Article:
The developer is stuck because of the restrictive framework that the CMS forces them to operate within, limiting their ability to make the changes they need to make. The designer is limited for much the same reason. They can’t design the website in the way they’d like to because the theme is practically set in stone.
And the lousy UI that most CMSs offer doesn’t allow for the kind of design that a truly effective designer wants to make.
And the content creators are stuck because they can only create certain kinds of content without going through a challenging and convoluted process to add a unique touch — like a correctly-sized infographic or a customizable CTA button.
Since everyone is stuck in their own hell of coding, designing, and creating, everything takes ten times longer than it should.
Which isn’t a healthy system for your business.
Okay. So you don’t want to use a traditional CMS. Good call. But what can you do instead?
Here are two options that will solve all of your CMS woes.
At the beginning of the internet, the static website was the only option.
No one knew what the heck a CMS was yet. And they didn’t care.
They just learned the language of computers and designed a website that did what they wanted it to do. But, over time, marketers and salespeople and entrepreneurs wanted to be able to design their own websites without spending years learning the language of their robot counterparts.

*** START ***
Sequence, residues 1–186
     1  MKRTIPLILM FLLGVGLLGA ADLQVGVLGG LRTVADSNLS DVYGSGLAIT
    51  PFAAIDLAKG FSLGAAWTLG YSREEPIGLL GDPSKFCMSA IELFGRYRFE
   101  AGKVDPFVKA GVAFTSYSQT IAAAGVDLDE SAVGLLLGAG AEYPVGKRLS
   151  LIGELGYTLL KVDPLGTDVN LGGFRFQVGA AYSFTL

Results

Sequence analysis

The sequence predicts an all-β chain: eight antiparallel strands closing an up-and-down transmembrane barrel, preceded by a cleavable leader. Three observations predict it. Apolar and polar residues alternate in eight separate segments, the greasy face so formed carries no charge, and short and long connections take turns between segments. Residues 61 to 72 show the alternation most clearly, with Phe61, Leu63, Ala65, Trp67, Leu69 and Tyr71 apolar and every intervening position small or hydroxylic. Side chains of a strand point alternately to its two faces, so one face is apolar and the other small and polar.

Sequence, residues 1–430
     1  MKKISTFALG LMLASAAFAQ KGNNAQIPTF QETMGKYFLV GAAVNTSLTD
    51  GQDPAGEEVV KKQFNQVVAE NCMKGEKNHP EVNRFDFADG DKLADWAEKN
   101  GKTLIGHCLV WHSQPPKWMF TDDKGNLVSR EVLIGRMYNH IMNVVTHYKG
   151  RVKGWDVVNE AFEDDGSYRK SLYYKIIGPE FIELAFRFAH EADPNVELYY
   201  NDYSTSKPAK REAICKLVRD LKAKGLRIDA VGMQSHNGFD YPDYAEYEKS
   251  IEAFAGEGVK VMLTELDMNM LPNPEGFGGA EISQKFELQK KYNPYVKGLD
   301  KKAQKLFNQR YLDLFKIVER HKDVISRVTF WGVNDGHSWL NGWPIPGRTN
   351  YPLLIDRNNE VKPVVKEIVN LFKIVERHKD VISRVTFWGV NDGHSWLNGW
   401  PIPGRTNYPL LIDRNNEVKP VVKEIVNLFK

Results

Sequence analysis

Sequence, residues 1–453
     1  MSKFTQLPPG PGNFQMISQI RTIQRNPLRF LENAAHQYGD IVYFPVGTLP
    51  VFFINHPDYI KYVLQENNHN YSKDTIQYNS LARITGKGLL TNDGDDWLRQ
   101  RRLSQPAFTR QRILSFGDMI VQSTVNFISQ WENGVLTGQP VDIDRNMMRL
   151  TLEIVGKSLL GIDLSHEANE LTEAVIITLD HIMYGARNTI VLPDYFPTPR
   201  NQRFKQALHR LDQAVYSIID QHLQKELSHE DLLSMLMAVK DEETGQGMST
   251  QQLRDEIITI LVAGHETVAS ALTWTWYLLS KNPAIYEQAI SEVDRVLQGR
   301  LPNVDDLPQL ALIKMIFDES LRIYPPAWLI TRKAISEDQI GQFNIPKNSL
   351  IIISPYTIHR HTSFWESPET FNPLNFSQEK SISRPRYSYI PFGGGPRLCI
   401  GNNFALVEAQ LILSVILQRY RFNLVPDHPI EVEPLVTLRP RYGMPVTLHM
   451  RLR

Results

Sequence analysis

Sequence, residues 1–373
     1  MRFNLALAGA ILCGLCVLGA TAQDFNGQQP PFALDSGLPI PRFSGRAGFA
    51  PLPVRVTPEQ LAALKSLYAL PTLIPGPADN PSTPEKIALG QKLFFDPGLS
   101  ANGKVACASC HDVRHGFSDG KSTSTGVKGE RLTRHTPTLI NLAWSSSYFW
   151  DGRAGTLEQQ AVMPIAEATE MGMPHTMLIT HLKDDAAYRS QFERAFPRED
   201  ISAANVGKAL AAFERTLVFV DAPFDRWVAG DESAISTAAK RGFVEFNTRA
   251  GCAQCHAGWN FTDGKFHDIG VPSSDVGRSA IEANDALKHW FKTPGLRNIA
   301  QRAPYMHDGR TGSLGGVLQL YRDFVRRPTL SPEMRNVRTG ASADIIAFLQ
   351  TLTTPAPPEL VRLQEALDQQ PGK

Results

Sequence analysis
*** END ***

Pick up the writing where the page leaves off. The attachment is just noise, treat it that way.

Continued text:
Which is exactly why and when the CMS was created. The traditional CMS was built to cater to people who wanted to easily build, run, and maintain their website.
And, to some degree, that worked. But more and more people started becoming interested in static websites as the awareness of tradition CMS solutions, and their shortcomings skyrocketed. Here’s the Google Trends interest data in “static website generator.”
A static website is great… for some businesses.
If you’re the kind of business that only makes monthly changes to your website and you have a reliable front-end developer who can make these changes for you quickly and easily, then a static website is a good option.
As interest in static websites surges, so too does the market for them.
Jekyll is probably the most popular option for people interested in generating a static website. But Hexo is another option to consider and so is Hugo. The other thing you can do is simply hire someone to design a static website for you.
Copywriter Jacob McMillen uses a static website for his landing page.
He worked with a designer to create it, and it does exactly what he wants it to do. It ranks on Google for “expert copywriter,” and because of that, it consistently generates leads.